The fundamental lie (superstition) of working out and eating well is that motivation comes before action.
Lets take a look at the reality:
What do you notice about all of those examples?
Yes, motivation came after action.
Sometimes, motivation comes immediately after taking the action. Sometimes motivation comes a month after taking the action consistently. Sometimes it takes a year.
So, we start to see that if our plan is to look for motivation to take the action, we’re pretty much screwed right from go.
I’m not saying that never happens. Once in a great while you can get lucky like that, and get motivated before doing something. Which is terrible, because that starts the motivation superstition: “I felt so motivated yesterday and went and ate all of my meals slowly! It was awesome!”
And then you start to think that that’s how it’s supposed to work.
In reality, motivation is fleeting. Motivation is like the weather. Some days are sunny, some days are cloudy. If you only went to work on sunny days you’d get fired. You’ve got to go to work even when it’s cloudy.
So we start to see that there’s only one game worth playing: Taking action when we aren’t “motivated” and when we aren’t “feeling it”
Now we’re talking! It turns out there are some great ways to keep taking the actions that matter to you, even when you aren’t “motivated”.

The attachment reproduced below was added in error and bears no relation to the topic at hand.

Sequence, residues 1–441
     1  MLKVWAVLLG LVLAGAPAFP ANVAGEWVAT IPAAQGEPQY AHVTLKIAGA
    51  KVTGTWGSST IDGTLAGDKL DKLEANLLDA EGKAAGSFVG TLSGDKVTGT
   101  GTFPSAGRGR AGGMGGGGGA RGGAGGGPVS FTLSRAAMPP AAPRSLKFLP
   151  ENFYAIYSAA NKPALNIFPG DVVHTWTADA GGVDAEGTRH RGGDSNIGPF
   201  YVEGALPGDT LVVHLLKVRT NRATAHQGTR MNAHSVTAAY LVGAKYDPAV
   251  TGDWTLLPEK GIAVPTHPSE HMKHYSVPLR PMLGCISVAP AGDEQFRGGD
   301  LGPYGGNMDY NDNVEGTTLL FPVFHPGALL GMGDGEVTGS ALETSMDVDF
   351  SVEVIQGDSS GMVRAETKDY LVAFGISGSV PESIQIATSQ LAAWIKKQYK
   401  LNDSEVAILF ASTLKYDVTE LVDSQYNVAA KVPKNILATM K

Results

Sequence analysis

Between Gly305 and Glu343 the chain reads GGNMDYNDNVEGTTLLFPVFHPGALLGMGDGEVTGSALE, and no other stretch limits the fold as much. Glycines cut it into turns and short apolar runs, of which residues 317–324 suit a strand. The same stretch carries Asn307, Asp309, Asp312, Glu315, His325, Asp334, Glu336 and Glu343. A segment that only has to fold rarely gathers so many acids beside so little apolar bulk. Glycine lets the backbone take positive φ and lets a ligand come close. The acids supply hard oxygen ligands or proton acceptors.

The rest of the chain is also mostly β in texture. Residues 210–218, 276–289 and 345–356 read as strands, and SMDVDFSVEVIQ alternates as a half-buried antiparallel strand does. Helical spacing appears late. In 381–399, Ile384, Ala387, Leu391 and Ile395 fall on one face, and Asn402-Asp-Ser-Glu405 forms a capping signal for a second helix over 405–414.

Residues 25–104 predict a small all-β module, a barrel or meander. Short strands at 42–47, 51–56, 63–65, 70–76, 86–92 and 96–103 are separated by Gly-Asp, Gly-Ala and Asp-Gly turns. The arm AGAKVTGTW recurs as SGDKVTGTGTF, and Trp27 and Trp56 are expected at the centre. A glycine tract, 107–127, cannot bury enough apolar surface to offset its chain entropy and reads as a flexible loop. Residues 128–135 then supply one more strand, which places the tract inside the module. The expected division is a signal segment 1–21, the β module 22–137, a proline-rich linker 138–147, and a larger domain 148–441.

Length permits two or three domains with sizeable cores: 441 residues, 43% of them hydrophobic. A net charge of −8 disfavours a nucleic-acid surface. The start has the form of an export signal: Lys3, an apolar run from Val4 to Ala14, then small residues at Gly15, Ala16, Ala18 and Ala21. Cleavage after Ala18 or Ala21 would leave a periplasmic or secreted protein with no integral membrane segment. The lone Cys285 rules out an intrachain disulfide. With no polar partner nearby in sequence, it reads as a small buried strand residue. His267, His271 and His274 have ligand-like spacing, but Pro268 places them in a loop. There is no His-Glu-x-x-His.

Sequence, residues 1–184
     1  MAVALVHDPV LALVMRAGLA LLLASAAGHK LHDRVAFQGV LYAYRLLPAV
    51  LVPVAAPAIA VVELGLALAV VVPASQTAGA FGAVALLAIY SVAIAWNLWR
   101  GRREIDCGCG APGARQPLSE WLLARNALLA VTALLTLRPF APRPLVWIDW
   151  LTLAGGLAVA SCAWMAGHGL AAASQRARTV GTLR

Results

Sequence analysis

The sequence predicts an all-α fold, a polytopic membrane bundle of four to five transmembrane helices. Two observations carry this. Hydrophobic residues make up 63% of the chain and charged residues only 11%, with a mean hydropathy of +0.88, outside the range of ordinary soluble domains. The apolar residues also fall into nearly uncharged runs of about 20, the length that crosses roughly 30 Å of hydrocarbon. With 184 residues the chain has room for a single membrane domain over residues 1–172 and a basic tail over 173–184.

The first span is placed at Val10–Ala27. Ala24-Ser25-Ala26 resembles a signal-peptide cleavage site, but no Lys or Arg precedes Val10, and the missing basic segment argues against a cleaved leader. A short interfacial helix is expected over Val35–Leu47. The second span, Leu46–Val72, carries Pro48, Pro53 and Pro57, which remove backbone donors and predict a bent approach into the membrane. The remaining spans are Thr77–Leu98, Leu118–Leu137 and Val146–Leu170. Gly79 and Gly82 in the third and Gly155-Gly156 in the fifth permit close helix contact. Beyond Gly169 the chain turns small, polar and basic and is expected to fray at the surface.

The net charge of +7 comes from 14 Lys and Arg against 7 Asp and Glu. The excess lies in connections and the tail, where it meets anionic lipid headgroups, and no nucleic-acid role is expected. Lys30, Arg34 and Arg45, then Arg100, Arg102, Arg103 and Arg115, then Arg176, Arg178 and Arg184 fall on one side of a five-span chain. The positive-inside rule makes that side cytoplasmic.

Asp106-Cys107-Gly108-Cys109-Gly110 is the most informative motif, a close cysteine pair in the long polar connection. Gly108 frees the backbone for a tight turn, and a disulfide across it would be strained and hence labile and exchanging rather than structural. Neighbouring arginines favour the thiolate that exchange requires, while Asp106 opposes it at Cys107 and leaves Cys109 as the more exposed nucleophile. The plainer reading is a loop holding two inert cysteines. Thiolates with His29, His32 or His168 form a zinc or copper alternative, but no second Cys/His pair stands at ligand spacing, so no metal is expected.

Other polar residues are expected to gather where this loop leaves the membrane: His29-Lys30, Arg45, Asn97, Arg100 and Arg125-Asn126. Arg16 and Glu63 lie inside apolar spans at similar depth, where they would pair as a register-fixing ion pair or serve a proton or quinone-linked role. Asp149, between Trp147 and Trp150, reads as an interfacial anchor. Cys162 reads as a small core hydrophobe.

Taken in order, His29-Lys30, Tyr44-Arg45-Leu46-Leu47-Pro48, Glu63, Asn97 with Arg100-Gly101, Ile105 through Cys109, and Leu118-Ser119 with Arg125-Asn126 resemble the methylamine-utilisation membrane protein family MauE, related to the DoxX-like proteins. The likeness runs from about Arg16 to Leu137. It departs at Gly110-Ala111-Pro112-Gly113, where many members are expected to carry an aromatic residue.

There’s a great book called “The War of Art”, that has a basic premise that waiting for inspiration and motivation are stalling techniques. That the real work of creating art happens after people have done so much work on their art that they’ve actually started to hate it.
I really, really want people to enjoy their workouts, and enjoy eating well. But I know it doesn’t show up like that every time. Sometimes you aren’t feeling it, and you do it because of someone else waiting for you, or because it fits your values, or because it’s on the schedule.
And if you do that often enough, you just might even feel “motivated” sometimes also.
The professional has learned that success, like happiness, comes as a by-product of work. The professional concentrates on the work and allows rewards to come or not come, whatever they like.
― Steven Pressfield, The War of Art
Your most reliable access to motivation is taking action.
The game you should be most interested in is finding ways to consistently take action when you aren’t motivated: Involving other people, noticing learning, noticing progress, doing it just because it aligns with your values, and having triggers in your life and doing it at a certain time.